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What to Do When You See Fluid Under Your Parked Car

Posted at Fri, Nov 1, 2019 12:00 PM

Wear and tear happens to all vehicles eventually, and it’s not uncommon as this happens to encounter problems every now and then. A frequent issue found in older cars comes in the form of fluid leaks, usually noticed as puddles that have formed under the vehicle when it’s been parked for a period of time. While it is concerning to find fluid under your parked car, it may not necessarily be a crisis.

Still, there are certain steps you should take to be able to identify what type of fluid is leaking. Once you’ve figured it out, you can decide upon a course of action, whether it be simple maintenance or a matter of repair. To help you with fluid leak identification, our knowledgeable staff here at Westbury Toyota has put together a quick and comprehensive guide.

Find the Source of the Leak


You don’t have to be a mechanic to find the source of the fluid leak. All you need is a flashlight that you can use to get a good look at the underside of your car. If it’s a slow leak, says the writers of Axle Addict, grab a piece of plywood or cardboard and slide it under your car in order to pinpoint where the leak is. Once you’ve got the board in place, check the spots where the fluid is falling. Without removing the board, look directly above to liquid spots to determine the precise location of where the leak is. In addition, this method will let you see the color of the fluid, which is also something you need to know to determine just what the problem is.

Check the Color

One of the easiest ways to tell what kind of leak you’ve got going on is to check the color of the fluid, explains the experts over at Pep Boys. (Note: this might be tough to do if you notice the fluid at night or if it’s already dried). If you use the aforementioned method of catching the leaking fluid on a piece of cardboard or plywood, however, it should be easy to see the color. The different fluid colors are described below:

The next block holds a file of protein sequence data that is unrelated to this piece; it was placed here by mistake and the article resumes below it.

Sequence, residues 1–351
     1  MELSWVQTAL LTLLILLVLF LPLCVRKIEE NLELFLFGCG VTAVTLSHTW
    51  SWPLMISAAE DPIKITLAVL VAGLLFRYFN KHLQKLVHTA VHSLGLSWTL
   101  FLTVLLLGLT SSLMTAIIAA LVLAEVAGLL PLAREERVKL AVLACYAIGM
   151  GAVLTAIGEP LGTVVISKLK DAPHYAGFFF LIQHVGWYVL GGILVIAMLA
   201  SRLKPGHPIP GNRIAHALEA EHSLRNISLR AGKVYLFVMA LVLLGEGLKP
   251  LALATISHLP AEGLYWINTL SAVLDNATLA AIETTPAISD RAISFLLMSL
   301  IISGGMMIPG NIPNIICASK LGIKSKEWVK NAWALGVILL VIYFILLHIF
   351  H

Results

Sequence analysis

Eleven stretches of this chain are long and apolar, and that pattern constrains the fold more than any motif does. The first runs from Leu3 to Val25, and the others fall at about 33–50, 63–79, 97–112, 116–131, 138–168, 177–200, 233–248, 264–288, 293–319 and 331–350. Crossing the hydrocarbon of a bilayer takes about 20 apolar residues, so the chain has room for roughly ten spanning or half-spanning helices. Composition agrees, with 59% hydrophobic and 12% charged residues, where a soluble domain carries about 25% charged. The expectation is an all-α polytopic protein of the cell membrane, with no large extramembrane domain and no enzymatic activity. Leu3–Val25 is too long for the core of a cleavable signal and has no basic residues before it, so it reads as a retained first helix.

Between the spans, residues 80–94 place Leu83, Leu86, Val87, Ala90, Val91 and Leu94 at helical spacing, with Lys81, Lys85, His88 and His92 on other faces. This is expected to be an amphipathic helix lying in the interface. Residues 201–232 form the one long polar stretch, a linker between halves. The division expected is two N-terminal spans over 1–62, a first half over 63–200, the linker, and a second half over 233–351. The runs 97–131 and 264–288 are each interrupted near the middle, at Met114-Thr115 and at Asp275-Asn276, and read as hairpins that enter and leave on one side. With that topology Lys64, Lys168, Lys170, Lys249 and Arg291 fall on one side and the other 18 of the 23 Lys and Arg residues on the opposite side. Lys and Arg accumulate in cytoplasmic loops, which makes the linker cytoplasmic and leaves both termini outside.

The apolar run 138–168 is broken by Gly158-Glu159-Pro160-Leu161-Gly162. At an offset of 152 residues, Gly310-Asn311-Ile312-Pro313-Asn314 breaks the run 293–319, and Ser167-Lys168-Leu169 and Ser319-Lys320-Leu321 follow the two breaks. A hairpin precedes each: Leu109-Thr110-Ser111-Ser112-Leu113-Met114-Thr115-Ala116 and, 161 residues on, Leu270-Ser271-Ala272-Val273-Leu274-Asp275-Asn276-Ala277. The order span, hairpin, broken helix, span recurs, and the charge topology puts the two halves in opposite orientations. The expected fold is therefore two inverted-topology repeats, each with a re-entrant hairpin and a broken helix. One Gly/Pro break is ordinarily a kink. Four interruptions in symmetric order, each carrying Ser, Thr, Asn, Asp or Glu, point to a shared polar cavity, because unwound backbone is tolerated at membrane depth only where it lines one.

• Orange: If the fluid you’re seeing is orange, it could be one of two things. If there’s any rust in your radiator, it can tint condensation or leaking antifreeze orange. In addition, transmission fluid that’s quite old can also fade to orange.
  • Yellow: Typically, if you’ve got yellow fluid leaking out of your car, it’s indicative of a radiator fluid leak. This can be caused from a malfunctioning O-ring or a worn or loose hose.
  • Red/Pink: If your vehicle is leaking red or pink fluid, it is likely power steering fluid or transmission fluid. The cause can be a couple of things such as holes in lines and/or hoses, or a damaged transmission seal.
  • Blue: Blue fluid is probably windshield wiper fluid, usually caused by holes worn into the fluid reservoir or the tubing that carries the fluid to the wiper blades.
  • Green: If you find green fluid beneath your car, it’s a sign that you’ve got an antifreeze leak. The most common places that antifreeze leaks form are the water hoses, pumps, or the radiator itself when a fitting or a clamp is either damaged or in need of replacing.
  • Light Brown/Dark Brown: Dark brown fluid can either be motor oil that’s aged, or it could be brake fluid leaking from damaged brake lines. Light brown fluid could be gear lubricant or newer motor oil.
  • Clear: Clear fluid is not a bad thing as it is usually just condensation that has formed from the air-conditioning system.

Decide on the Fix

If you’ve got the knowledge, the time, and the know-how, you can probably fix the leak yourself if it’s not something too complicated. If you’re not all that mechanically inclined or you suspect it’s a bigger issue than you can handle yourself, it’s probably a good idea to bring your vehicle in to one of our expert technicians in order to get it looked at. It’s not recommended that you drive your car when it’s leaking fluid, as in some circumstances driving it can exacerbate the problem, leading to a more costly fix down the road.

Taking the Right Steps

As you can see from our guide, leaking fluid can be the symptom of a number of different problems, but you can narrow down the origin of the leak by checking both the liquid color and where it’s coming from. Once you’ve got that narrowed down, you can fix it yourself or take your car in to a professional. It’s important to address a fluid leak as soon as you notice it in case it’s an indicator of a more severe problem.

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